POSTERS PROMOTING STAIR USE: Stair and elevator use was monitored in an office building and a paper factory in the Netherlands to test whether an intervention using prompts (posters) would stimulate stair use. Activity was collected at three time periods, before, during, and after introduction of the prompts. Stair use increased during the intervention among both white- and blue- collar workers. Stair use decreased after prompts were removed. There was no orksite-by-intervention interaction implying that low cost prompts were effective in both work sites equally. Citation: Kwak, Kremers, et al. "A poster-based intervention to promote stair use in blue- and white- collar worksites." Preventive Medicine 45(2007): 177-181, 2007.

For additional summaries of recent research on promoting physically active lifestyles, visit the Research Updates section of our website at http://prevention.sph.sc.edu/updates/index.htm.

For additional summaries of recent research on promoting physically active lifestyles, visit the Research Updates section of our website at http://prevention.sph.sc.edu/updates/index.htm.
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WALKING & BICYCLING SURVEY DATABASE: The National Cancer Institute has compiled a database of survey questions walking and cycling from multiple national and international physical activity surveys and questionnaires (PAQs). The purpose of this database is to provide easy access to a large number of questions assessing duration and frequency of walking and bicycling in the non-disabled adult population. It also briefly reviews the results of validation studies identified for some of the PAQs. http://appliedresearch.cancer.gov/tools/paq/
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PA PROGRAMS FOR OLDER ADULTS. CDC's Division of Diabetes Translation has developed a guide that provides information on 17 physical activity programs that could be used with older adults having healthy to frail functional status. A limited number of the programs were designed specifically for those with diabetes or pre-diabetes. This guide is intended to be used by organizations to help choose the right physical activity program for the population served. It includes program elements such as demographic characteristics of the population that programs were designed to serve, program and participant costs, number and type of paid or volunteer staff required, any research conducted evaluating program efficacy or effectiveness. To download the PDF file, go to
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MEASURING ADVOCACY AND POLICY. The Annie E. Casey Foundation of Baltimore, Maryland commissioned a guide to help determine meaningful ways to measure and evaluate the impact of its advocacy and public policy grantmaking. The guide also serves as a broad call to grantmakers to build and advance the field of evaluation in this area. For the "Guide to Measuring Advocacy and Policy," visit the Foundation's website at http://www.aecf.org/. Search for “policy advocacy” to find the Guide.
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SAFE ROUTES TO SCHOOL (SRTS): On October 1st, the Safe Routes to School National Partnership released a national report titled, "Safe Routes to School: 2007 State of the States." The report includes an executive summary, program needs, early success stories, observations, and resources. The report includes a one-page "State of the States" matrix, featuring how all states are doing with respect to the following: hiring a full time state SRTS coordinator, developing an advisory committee, releasing application guidelines, and selecting projects for SRTS funds. For more on the National Partnership, go to: http://www.saferoutespartnership.org/. To download the report, go to:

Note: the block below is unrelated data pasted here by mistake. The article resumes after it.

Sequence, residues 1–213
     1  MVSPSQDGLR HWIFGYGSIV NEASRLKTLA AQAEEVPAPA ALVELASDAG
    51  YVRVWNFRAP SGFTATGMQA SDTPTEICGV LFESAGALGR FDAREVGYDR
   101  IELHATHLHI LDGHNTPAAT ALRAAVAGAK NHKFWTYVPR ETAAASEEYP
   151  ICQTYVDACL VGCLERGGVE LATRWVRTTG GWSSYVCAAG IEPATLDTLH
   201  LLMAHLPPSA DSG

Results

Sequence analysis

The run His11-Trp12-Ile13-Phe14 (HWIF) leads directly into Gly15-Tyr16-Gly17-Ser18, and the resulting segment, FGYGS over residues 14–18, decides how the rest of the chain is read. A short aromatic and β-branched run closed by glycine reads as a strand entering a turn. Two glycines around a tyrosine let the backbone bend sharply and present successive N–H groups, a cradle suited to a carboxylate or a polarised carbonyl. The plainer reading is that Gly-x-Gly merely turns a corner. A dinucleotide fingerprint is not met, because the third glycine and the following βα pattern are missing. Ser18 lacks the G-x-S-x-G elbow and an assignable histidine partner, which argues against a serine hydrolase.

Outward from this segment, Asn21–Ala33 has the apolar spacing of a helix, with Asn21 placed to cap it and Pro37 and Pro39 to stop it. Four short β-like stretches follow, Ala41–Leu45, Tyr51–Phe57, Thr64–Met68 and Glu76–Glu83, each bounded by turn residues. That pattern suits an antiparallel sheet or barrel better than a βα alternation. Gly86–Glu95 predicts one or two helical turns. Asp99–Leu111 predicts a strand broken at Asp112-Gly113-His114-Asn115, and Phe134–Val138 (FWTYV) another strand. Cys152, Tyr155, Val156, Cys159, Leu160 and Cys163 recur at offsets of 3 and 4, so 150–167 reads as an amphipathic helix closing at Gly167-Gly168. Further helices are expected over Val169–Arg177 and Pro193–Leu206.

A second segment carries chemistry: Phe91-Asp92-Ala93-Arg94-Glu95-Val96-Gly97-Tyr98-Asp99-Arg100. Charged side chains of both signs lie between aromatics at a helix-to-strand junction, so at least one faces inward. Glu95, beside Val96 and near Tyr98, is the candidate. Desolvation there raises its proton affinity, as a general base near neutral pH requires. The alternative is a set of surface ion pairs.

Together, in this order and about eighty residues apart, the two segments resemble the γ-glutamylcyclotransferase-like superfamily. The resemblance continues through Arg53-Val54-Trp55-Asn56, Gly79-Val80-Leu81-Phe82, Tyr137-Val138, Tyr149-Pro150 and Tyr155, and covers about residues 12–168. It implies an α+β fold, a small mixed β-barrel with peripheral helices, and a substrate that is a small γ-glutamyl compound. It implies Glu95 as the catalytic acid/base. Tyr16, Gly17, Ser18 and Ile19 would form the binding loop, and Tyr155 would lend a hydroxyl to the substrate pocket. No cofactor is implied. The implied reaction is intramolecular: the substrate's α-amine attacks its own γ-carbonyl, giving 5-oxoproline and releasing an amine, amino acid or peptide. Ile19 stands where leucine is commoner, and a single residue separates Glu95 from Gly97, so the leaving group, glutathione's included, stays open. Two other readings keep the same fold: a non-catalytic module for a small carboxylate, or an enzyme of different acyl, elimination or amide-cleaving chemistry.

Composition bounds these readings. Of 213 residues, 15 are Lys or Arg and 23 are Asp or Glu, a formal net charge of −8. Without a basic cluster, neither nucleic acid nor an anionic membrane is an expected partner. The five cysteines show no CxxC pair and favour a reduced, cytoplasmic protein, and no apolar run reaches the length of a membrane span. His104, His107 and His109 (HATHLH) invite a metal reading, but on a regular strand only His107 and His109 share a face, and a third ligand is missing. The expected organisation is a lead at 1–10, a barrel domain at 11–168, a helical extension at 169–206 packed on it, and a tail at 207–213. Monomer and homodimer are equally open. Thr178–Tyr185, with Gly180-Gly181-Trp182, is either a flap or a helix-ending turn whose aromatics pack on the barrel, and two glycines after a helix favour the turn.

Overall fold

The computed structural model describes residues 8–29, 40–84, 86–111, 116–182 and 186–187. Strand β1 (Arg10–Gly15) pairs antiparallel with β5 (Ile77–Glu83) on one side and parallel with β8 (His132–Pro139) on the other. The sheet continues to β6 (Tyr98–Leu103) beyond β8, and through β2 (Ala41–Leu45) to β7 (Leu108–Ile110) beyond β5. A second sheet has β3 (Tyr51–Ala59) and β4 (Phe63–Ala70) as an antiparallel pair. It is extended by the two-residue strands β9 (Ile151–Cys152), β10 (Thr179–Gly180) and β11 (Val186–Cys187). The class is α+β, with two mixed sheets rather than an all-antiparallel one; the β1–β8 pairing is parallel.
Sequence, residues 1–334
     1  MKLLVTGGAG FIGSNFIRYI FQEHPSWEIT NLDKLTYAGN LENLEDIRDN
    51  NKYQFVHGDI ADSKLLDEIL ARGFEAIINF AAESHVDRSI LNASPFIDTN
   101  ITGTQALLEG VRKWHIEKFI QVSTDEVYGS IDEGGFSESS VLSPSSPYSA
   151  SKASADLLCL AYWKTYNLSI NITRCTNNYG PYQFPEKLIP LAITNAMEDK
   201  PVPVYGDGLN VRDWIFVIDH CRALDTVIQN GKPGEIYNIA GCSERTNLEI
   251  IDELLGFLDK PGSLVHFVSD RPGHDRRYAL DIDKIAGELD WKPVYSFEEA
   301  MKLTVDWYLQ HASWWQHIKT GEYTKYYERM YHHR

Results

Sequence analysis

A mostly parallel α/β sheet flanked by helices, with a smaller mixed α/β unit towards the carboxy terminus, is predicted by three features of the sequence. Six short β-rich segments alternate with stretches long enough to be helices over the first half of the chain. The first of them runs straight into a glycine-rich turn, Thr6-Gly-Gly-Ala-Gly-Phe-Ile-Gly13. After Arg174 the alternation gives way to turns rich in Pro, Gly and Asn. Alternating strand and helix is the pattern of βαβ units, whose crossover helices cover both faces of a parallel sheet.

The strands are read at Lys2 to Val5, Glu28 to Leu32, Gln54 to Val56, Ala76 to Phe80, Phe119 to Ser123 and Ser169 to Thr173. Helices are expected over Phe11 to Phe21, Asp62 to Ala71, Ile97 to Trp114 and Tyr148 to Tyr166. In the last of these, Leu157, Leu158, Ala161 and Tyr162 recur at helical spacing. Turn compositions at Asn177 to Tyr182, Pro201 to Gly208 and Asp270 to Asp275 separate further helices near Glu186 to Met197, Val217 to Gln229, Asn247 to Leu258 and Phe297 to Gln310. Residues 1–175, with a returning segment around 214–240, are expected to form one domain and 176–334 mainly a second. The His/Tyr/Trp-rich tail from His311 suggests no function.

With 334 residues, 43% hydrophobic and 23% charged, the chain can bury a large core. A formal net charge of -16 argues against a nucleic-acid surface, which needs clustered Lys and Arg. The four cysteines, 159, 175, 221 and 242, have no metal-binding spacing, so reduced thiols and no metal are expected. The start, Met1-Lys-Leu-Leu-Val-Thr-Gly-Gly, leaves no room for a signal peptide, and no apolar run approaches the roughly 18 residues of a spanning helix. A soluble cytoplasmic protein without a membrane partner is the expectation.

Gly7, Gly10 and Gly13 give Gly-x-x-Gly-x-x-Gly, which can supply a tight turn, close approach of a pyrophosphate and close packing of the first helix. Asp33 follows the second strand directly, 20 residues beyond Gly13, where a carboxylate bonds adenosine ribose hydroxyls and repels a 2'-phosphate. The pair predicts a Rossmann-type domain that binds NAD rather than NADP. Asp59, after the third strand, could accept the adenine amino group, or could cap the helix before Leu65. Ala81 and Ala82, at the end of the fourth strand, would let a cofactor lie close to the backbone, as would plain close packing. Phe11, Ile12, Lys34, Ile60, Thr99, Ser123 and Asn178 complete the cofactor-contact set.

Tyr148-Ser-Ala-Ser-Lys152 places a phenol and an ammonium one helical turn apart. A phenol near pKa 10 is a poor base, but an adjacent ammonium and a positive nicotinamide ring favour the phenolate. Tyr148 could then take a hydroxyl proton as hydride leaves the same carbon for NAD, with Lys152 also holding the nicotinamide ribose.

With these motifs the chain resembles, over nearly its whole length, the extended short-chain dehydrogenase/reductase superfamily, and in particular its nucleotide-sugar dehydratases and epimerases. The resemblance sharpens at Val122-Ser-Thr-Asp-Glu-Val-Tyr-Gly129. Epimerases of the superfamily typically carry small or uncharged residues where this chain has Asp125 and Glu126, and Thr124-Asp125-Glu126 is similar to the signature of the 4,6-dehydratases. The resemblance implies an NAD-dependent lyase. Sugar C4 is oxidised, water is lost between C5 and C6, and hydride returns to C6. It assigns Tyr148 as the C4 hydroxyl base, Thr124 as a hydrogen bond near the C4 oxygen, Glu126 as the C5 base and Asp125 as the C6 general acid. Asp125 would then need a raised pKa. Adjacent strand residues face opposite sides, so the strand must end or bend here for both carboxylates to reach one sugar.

NEW GUIDE FOR BIKE SAFETY. Active Living Research has developed a Guide for Bicycle Safety. A brochure that can be localized with your own contact information (also available in Spanish) is found at http://www.activelivingresources.org/assets/bikesafety.pdf provides; another brochure for kids and exercise is found at
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Pro Walk/Pro Bike 2008: The 14th biannual Pro Walk/Pro Bike Conference will be in Seattle, WA, Sep. 2-5, 2008. Preliminary information can be found at http://www.bikewalk.org/2008conference/index.html

For a more complete list of conferences and workshops, visit the PA links section of our website at http://prevention.sph.sc.edu/PAlinks/index.htm.
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WEDNESDAY WALKERS. Wednesday Walkers, a program developed by Sumter County Active Lifestyles, the USC Prevention Research Center's community partner, was included in an article in November's Parks and Recreation Magazine, a publication of the National Recreation and Parks Association. Citation: Roberts. Walk This Way: Starting a walking program only takes a few easy steps. Parks and Recreation Magazine. 2007 (November): 56-59. Available on the web at http://www.nrpa.org/content/default.aspx?documentId=6411

For a more complete list of conferences and workshops, visit the PA links section of our website at http://prevention.sph.sc.edu/PAlinks/index.htm.
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Writers: Delores Pluto, Marsha Stepp, Catherine Carlstedt

This and past issues of the “University of South Carolina Prevention Research Center Notes” are available on our website at http://prevention.sph.sc.edu/Newsletter/index.htm.

To submit an item, please e-mail Delores Pluto at dmpluto@sc.edu.

To subscribe or unsubscribe to this newsletter, e-mail the Prevention Research Center at USCPRC@gwm.sc.edu. When subscribing, please include your name, e-mail address, title, and organizational affiliation. There is no subscription cost. If you have an e-mail filter in place that only allows messages from approved email addresses, please add uscprc@gwm.sc.edu to your approved list.

For continuing discussions about physical activity, join the Physical Activity and Public Health On-Line Network listserv. Instructions are located on our website, at http://prevention.sph.sc.edu/newsletter/commands.htm.

The USC Prevention Research Center is a member of the CDC Prevention Research Center's National Network, consisting of 33 Centers in the U.S. For more information about the PRC National Network, visit http://www.cdc.gov/prc.

Prevention Research Center
Arnold School of Public Health, University of South Carolina
921 Assembly Street, Columbia, South Carolina 29208

This publication was supported by Cooperative Agreement Number 5-U48-DP-000051 from the Centers for Disease Control and Prevention (CDC). Its contents are solely the responsibility of the authors and do not necessarily represent the official views of the CDC.

The University of South Carolina does not discriminate in educational or employment opportunities or decisions for qualified persons on the basis of race, color, religion, national origin, age, disability, sexual orientation, or veteran status.